Bless the Securicorps – they’re trying their best, but it’s not good enough. Perhaps the Protectorate have a solution for the concerns faced in Destiny’s Sword Early Access? The people of Cypris (correct spelling) need their help!
Cue the Stellara – a group of cadets being thrown immediately into the deep to keep the peace. They’ll learn on the job as you deploy them into the heart of the battle. It’s a little cliche, and there’s a lot of politics/lore to take on board from the outset. I’ll admit, my attention was waning.
But wait: those digitally painted characters are moving? They’re actually breathing? Initially, the artwork was nice enough, but as you meet the characters, the illustrations look pretty damn good – at least the close-ups do, and then it’s into the action and time to make a difference.
Destiny’s Sword Early Access is portrayed as a visual novel, but it’s a little more in-depth. Sure, the mechanics are there, but there’s much more weight on your actions and the consequences. The story ploughs through at a decent tempo, but then you’re presented with a “what do you do?” scenario. Depending on your choice, you may enter a battle, which is very much a spectator’s game. Aside from a few options here and there, it’s all seemingly random, and it becomes apparent your team are a bunch of goons. Or did you give the wrong instructions?
After each battle, your team’s stats will shift based on your actions. This can be anything from their anger management skills to how happy they are, trust levels and fear. Between missions, you, as commander, can check in on the crew and make sure they’re ok. In my first encounter, one of my party members went apeshit and shot a plasma rifle into an unarmed crowd. During debriefing, an exclamation mark will show on their avatar, indicating that they want to speak with you. It’s here that the real battle starts as you have to use your people skills and decipher what each ’emotional state matrix’ means in respect to your rapport with the team.
Like Mass Effect, you’ll have a dialogue tree to pick your answers, and the team member will duly react, thus solidifying your respect amongst your subordinates. They may even give you feedback on other members, hinting at whether they need an evaluation of their own. Destiny’s Sword Early Access is currently being developed by 2Dogs Games, and some of the features are currently unavailable from the hub. In short, you can expect to heal your team (which you’ll touch upon – literally), repair your ship and trade, but for the most part, it’s about completing missions without defeat, with a capital D.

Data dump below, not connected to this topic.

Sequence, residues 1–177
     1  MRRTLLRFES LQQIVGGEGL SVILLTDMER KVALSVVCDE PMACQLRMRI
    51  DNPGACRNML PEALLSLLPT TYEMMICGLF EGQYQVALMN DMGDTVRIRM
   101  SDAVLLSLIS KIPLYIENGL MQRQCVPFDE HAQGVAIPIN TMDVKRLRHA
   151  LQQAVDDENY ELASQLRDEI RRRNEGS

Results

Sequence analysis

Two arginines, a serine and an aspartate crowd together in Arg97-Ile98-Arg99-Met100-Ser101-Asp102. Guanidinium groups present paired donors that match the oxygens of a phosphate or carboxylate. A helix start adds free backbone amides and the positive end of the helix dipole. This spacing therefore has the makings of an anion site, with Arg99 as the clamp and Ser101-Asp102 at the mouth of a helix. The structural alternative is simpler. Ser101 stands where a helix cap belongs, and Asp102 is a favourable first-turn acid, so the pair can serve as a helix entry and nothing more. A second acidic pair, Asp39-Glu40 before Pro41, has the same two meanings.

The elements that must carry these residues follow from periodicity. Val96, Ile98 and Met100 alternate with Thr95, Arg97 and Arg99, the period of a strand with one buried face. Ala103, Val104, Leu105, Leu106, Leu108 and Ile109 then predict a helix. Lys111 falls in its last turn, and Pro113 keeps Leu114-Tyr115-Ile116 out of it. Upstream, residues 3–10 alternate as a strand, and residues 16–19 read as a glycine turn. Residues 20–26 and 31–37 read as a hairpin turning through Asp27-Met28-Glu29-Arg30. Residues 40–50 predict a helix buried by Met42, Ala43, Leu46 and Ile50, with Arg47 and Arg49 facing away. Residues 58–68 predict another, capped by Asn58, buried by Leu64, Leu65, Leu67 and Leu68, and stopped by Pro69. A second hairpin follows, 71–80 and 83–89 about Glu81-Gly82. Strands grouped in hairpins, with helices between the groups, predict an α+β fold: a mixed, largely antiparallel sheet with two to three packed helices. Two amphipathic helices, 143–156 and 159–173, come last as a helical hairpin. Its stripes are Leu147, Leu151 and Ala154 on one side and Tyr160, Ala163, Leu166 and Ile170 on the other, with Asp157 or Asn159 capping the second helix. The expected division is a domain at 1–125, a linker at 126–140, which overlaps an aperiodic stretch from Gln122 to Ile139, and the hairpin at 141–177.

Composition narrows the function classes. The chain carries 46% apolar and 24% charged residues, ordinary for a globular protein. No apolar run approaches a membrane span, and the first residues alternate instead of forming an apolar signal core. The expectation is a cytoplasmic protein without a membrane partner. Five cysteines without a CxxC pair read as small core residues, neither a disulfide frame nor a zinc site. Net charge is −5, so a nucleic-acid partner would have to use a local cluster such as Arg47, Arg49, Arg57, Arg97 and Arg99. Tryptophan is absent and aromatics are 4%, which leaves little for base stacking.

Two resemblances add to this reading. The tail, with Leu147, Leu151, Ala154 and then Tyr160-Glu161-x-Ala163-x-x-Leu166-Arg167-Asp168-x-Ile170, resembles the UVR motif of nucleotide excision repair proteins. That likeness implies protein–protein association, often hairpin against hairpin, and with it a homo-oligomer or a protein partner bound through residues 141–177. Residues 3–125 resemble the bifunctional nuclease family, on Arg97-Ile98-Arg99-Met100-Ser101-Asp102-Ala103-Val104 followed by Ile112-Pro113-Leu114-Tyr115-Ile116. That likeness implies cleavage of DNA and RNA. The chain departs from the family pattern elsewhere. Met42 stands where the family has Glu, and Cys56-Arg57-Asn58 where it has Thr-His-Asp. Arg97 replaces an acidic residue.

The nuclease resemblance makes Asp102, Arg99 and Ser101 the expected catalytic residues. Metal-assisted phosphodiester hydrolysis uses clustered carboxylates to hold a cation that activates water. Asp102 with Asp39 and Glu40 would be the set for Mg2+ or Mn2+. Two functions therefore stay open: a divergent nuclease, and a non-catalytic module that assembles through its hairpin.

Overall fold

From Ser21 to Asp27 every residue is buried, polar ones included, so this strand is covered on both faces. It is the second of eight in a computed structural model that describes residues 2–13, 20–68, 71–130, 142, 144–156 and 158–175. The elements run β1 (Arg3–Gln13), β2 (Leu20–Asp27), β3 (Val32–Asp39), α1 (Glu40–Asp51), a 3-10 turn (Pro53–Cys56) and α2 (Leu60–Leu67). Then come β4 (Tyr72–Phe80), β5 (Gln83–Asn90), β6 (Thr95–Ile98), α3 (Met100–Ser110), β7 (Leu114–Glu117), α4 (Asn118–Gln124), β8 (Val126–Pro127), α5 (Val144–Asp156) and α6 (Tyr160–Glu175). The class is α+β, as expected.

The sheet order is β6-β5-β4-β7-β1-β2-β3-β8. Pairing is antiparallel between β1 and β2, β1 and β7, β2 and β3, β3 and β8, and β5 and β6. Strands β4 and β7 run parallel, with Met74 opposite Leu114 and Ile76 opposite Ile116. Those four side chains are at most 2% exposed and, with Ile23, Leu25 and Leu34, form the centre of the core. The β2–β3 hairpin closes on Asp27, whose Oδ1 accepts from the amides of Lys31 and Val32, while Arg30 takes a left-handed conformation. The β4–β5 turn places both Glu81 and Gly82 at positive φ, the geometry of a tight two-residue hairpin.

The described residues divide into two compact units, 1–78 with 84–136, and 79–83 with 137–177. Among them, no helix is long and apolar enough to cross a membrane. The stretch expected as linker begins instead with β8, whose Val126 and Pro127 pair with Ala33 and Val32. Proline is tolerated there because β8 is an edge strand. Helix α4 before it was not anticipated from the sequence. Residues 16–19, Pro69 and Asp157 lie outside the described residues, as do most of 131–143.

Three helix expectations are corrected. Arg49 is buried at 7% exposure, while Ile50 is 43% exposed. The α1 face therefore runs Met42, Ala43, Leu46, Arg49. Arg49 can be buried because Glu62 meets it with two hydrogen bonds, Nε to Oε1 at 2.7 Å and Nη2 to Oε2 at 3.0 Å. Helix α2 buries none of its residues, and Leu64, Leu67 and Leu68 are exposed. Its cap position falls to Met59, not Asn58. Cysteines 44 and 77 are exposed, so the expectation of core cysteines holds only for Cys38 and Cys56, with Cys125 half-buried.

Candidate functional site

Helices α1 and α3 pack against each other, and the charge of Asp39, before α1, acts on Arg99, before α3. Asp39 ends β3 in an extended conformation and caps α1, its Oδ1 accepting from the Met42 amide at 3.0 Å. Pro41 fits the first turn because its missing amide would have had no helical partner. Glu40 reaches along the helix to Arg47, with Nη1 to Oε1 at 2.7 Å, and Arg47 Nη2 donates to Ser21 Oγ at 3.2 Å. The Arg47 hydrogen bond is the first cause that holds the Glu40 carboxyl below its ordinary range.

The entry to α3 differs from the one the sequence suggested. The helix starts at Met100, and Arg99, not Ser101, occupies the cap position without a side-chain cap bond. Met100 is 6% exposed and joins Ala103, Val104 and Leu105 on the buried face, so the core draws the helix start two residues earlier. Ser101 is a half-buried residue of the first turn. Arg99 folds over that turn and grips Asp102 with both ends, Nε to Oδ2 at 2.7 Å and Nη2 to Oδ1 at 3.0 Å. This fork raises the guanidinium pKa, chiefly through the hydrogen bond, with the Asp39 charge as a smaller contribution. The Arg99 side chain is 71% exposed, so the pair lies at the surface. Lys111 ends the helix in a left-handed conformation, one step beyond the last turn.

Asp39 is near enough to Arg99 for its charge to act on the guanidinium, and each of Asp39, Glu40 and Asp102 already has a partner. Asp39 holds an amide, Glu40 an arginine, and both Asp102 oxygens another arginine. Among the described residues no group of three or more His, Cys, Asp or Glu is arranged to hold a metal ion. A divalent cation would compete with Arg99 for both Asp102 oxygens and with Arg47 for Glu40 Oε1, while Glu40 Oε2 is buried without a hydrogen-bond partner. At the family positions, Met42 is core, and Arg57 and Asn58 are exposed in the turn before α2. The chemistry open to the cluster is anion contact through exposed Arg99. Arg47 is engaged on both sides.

Unfortunately, you can’t replay a mission and improve upon the 3-star rating system; just one mistake will lead to defeat. The first mission was a defeat as my team shot into the crowd. I called for backup in the second, but it wasn’t available, and my convoy got nuked. It’s easy to play but challenging to determine whether your choice is a good one. The best way I can describe Destiny’s Sword Early Access is a Jackson and Livingstone Choose Your Own Adventure, only you can’t cheat and skip a few pages to see the outcome. Unlike the books, there are many spelling mistakes at this stage – things like tp instead of to, dissmied in place of dismissed, and more.
Still… there’s a cool vibe in the game, and if it weren’t so random in places, it has the potential of being an engaging visual novel – way more interactive than most. The highlight is the team management aspect, how to organise your team, and what gear to equip. You just have to learn the emotional mechanics to get a better feel of their… needs. Overall, Destiny’s Sword Early Access shows promise once the features are added, and perhaps the decision-making is a little more forgiving.